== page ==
• 13. Oceanography of the Galapagos: Seasons • Warm surface waters from the Panama Current (part of the North Pacific Gyre) replace the Humboldt in December • The air temperature is no longer cool • These months are the Wet season Red billed tropicbird Image courtesy of Galapagos Online SE C EUC ITCZITCZ EqEq
  • 14. El Niño-Southern Oscillation (ENSO) • Occurs every 2 to 7 years • Named “the Christ Child” because it occurs around Christmas • Uncertain whether the events begin in the ocean or atmosphere, but both are affected Waved Albatross
  • 15. ENSO: Southern Oscillation • In normal conditions there exists a low over Indonesia and a high over the Southeastern Pacific (air moves from high to low) but in the Southern Oscillation, the two begin to weaken • Without the wind stress, the gradient will flatten, warm mixed-water flows toward the east in a series of Kelvin waves, causing the thermocline to level • Upwelling of cool, nutrient-rich water may stop, or only raise warm, nutrient-poor waters
  • 16. ENSO • When Kelvin waves that are reflected back to the west in the form of Rossby waves reach the western basin, El Niño is believed to be over
  • 17. El Niño’s Effects on the Galapagos Islands: Oceanography • Winds will not “churn up” the cool sub-thermocline waters from the Equatorial Undercurrent because of the depression of the thermocline • The Humboldt Current is cutoff as the trade winds no longer blow at normal strength • Without these nutrient rich waters, the food chain is interrupted
  • 18. El Niño’s Effects on the Galapagos Islands: Biology • Rainfall increases, plants thrive • Introduced populations increase, such as fireants, cats, dogs, goats, tree frogs, etc. • This is doubly damaging to endemic species Red-footed Booby
  • 19. The Effects of El Niño Large algal beds die, depriving marine iguanas, turtles and many fish of their staple diet. Once weakened, strong swells and sea urchins break apart complex coral habitats that sustain diverse species changing the environment. Increased sea levels affect animals living in the the intertidal zone Fishing pressure remains the same, so capture is taken from further down the food web Marine birds such as the blue footed booby, petrels, noddys, brown pelicans, albatross and magnificent frigate cannot feed their offspring. They have less resources and number of eggs are reduced.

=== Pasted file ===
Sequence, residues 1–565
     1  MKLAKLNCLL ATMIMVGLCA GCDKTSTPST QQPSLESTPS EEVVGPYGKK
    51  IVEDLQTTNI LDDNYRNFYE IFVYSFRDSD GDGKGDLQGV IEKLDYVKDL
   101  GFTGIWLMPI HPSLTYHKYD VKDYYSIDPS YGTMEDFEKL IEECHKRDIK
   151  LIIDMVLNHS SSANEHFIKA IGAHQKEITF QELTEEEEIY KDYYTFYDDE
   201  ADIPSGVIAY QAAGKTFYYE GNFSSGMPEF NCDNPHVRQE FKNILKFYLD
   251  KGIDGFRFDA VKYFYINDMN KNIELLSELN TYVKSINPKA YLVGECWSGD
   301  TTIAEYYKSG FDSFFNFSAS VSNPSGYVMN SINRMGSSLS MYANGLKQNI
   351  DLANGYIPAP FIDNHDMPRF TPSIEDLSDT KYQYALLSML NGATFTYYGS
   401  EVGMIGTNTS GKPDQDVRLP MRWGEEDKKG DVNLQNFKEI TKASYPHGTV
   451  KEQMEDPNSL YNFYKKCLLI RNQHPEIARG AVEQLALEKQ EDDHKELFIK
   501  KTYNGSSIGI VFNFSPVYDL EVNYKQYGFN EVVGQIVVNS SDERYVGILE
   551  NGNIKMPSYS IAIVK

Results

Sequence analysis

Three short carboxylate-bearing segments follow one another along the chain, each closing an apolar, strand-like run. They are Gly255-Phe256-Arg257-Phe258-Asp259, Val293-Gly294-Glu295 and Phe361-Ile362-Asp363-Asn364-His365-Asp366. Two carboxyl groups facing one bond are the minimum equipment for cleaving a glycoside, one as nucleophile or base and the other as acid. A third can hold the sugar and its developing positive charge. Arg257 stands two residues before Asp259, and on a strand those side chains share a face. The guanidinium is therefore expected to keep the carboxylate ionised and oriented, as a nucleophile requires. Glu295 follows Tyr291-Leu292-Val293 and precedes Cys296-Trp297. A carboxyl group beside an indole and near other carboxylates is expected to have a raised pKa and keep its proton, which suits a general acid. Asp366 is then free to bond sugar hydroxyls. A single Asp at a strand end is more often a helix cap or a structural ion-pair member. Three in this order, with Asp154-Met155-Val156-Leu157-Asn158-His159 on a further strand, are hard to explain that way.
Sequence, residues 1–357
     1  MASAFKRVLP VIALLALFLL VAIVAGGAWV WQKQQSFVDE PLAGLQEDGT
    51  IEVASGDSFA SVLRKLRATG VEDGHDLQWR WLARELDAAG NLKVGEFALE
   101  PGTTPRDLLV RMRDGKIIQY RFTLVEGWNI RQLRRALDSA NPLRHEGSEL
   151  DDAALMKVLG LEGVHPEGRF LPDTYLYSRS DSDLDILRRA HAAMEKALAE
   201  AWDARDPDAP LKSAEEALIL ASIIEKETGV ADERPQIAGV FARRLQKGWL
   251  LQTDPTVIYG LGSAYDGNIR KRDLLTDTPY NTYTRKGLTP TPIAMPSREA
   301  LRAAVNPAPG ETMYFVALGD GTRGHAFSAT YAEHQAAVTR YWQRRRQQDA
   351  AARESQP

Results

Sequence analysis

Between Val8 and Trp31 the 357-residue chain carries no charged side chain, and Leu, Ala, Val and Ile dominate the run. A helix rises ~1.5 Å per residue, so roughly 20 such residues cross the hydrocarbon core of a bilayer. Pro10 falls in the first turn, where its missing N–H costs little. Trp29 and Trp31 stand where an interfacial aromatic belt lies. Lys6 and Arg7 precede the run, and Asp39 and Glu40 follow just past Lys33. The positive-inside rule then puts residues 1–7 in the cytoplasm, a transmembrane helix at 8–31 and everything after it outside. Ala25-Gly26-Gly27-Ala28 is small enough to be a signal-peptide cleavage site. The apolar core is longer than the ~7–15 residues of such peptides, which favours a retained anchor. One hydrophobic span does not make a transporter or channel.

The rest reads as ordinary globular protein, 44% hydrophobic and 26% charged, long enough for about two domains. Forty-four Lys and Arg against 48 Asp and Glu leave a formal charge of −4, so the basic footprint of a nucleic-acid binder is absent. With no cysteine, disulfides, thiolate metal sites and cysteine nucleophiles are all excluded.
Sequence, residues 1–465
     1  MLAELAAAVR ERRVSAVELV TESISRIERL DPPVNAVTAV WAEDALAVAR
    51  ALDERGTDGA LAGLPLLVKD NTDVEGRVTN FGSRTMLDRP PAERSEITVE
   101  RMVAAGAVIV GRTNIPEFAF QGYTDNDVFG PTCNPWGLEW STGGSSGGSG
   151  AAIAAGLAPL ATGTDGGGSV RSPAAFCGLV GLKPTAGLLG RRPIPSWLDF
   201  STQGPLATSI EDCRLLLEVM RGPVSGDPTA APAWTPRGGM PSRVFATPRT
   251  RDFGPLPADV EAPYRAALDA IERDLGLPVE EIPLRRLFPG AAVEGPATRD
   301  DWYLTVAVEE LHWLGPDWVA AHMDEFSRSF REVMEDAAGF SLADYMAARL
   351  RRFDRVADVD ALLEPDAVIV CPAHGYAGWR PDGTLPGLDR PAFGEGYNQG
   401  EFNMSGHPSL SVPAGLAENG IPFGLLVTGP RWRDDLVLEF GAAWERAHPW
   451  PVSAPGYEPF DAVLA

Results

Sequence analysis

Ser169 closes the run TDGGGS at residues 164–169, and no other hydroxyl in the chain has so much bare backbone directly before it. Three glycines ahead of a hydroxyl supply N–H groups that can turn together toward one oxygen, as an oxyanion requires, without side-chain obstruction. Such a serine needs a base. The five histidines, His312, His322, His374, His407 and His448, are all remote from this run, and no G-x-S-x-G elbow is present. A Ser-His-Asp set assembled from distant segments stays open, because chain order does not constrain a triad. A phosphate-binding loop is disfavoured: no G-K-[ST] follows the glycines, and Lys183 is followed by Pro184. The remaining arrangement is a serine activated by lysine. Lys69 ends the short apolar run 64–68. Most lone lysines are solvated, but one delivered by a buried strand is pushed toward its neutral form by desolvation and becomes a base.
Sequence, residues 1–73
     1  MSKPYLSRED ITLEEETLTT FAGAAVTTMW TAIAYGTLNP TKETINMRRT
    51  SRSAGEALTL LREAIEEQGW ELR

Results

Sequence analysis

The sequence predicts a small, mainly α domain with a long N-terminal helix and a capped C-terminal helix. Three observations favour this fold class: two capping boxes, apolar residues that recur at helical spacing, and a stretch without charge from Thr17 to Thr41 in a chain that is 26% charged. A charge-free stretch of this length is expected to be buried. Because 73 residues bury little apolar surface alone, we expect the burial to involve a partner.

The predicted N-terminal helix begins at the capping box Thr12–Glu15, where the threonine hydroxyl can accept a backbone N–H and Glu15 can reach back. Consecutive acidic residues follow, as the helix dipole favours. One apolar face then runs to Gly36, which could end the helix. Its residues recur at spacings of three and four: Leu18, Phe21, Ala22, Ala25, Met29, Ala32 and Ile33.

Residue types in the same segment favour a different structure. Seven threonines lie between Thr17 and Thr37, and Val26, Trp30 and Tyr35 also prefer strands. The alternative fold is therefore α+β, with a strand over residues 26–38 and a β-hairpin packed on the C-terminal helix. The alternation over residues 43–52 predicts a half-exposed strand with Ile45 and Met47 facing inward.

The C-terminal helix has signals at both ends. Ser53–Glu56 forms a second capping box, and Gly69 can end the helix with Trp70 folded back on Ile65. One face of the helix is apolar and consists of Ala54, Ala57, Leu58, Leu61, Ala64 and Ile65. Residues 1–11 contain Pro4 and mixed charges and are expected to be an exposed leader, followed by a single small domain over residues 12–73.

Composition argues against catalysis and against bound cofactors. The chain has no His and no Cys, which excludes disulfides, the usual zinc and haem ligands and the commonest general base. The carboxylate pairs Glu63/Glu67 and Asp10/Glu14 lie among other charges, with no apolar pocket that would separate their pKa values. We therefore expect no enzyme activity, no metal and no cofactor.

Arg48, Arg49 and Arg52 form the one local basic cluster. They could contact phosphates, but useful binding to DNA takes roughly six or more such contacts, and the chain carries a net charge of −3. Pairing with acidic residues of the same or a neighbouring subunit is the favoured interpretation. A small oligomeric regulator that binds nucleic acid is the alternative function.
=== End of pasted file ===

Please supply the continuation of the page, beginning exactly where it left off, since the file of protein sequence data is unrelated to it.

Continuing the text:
• 20. Corals are stressed by the sustained higher temperatures “bleaching” as the symbiotic zooxanthellae are expelled. Mobile species such as sharks probably move offshore in the search of food in deeper water. Ecosystems starve from the bottom up affecting first the top end predators like sea-lions Species like Galapagos penguins and flightless cormorants, forage close to their colonies and are heavily affected by the lack of food. Primary production from phytoplankton bringing food to the islands grinds to a halt
  • 21. Last large coral reefs after the 1982/83 and 97/98 El Niño Coral Bleaching Highly productive coral reef before an El Niño event
  • 22. Discussion • “The biology [of the Galapagos Islands] changes because the physics changes.” –M. Moss • The study of the driving force of these changes is the difference between marine biology and physical oceanography • The Galapagos Islands are “ground zero” for studying El Niño; a thorough understanding will help to forecast weather changes Marine Iguana
  • 23. Thank you This information is from a collaborative effort between the Charles Darwin Foundation for the Galapagos Islands, UNCW and NC State Other References: J. Steger, et al. Deep-Sea Research II. 45, 1093 (1997) A.Colling, Ocean Circulation, 2nd ed. The Open University, Boston, MA, 2001). Galapagos Conservancy, www.galapagos.org Galapagos Online. www.galapagosonline.com. NOAA NASA Acknowledgements: Charles Darwin Research Station Galapagos National Parks Service